To spot a jewel.

I ask you to help me. Send your photos and thoughts about the places you wander to I would love to be able to use them to help encourage others to do the same.

I look forward to hearing from you. Happy New Year!

Monday, January 2, 2017

President's message January 2017

Happy New Year to friends and readers of Avalonia eTrails! We will be beginning our fifth year of posting this blog. But more importantly, Avalonia Land Conservancy is beginning its 49th year, and anticipating the celebration of our 50th year.

Under the leadership of our President Dennis Main, the Board of Directors, standing committee and town chairs, and a special ad hoc 50th steering committee, Avalonia is planning to celebrate the milestone. We would love your help.

One of the President’s goals is to keep open lines of communication with members and friends through as many venues as possible. To start the New Year right, this week’s blog is an update from the President. There is a lot to celebrate and a lot to anticipate. He is always willing to take feedback and meet members through his Avalonia email:

Have a great New Year, and please get out and enjoy your preserves. 


President's Message

Happy New Year to our Avalonia Family: Members, Friends and Supporters! It has been a very successful and exciting year for Avalonia, and we look forward to a New Year that continues this success.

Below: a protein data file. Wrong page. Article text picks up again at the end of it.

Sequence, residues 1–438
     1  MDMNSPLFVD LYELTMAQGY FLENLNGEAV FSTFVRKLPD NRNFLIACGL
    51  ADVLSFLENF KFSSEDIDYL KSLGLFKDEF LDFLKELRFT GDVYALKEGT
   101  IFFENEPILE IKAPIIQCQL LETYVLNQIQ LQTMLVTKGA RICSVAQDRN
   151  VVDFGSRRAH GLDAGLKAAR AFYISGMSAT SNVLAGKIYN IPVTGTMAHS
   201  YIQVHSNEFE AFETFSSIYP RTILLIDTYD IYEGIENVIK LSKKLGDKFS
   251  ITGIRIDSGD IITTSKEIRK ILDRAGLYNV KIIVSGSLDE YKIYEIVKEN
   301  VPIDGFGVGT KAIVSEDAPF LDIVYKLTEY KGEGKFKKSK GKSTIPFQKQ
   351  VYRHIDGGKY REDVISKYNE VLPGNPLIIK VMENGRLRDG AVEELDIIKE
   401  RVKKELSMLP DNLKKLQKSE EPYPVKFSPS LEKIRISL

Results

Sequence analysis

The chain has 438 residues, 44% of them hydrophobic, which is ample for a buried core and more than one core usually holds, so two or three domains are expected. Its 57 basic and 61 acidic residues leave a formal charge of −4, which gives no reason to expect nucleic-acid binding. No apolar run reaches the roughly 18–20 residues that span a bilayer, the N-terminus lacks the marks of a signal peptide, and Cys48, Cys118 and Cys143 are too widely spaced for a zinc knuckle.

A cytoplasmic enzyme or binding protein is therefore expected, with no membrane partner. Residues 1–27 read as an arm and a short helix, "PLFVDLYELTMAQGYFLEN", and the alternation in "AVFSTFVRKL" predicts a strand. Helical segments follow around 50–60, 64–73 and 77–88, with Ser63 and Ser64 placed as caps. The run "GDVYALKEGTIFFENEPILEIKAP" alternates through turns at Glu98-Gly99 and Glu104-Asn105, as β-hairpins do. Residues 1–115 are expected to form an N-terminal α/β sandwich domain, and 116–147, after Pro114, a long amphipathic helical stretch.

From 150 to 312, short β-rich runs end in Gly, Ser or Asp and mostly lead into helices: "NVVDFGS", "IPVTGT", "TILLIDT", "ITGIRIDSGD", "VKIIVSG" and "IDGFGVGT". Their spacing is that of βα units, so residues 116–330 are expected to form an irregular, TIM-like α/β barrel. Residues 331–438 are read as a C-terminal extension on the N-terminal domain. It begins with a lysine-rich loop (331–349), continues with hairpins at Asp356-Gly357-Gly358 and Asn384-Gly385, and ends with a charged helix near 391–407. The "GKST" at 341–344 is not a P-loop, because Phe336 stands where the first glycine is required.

We have added more than 5% (179 acres) to our protected preserves which now total over 3,500 acres in our southeastern CT mission area. This recent addition of roughly $1,000,000 value of property was through the extremely generous land gifts from donors we look forward to honoring at our Avalonia Annual Meeting on June 22, 2017. Please read the article on our website by Sue Sutherland, our Acquisition Chair, about our new properties here.
The leaders of our first 50 years.
On the Accreditation front, your current Board of Directors (BOD) has done yeoman service in completing the work necessary for our Accreditation Application to be in the pipeline for approval. Accreditation announcements are due in February 2017. Although our Accreditation application is moving forward, it is not the end of the journey. Re-accreditation happens every five years, and the current BOD is engaged in the continual review and revision of Avalonia Governance documents. Under the guidance of Chair Mike Pernal, the Governance Committee is currently reviewing and updating Town and various Standing Committee Charters as appropriate. Improvements to our By-laws are currently being reviewed for their efficacy, with the BOD already approving an amendment to bring our Fiscal Year into line with the Calendar Year which will greatly simplify our budgeting, accounting and reporting efforts. The BOD has also approved changes to enhance our cash management and internal controls under the direction of Finance Committee Chair and Treasurer Sue Sutherland.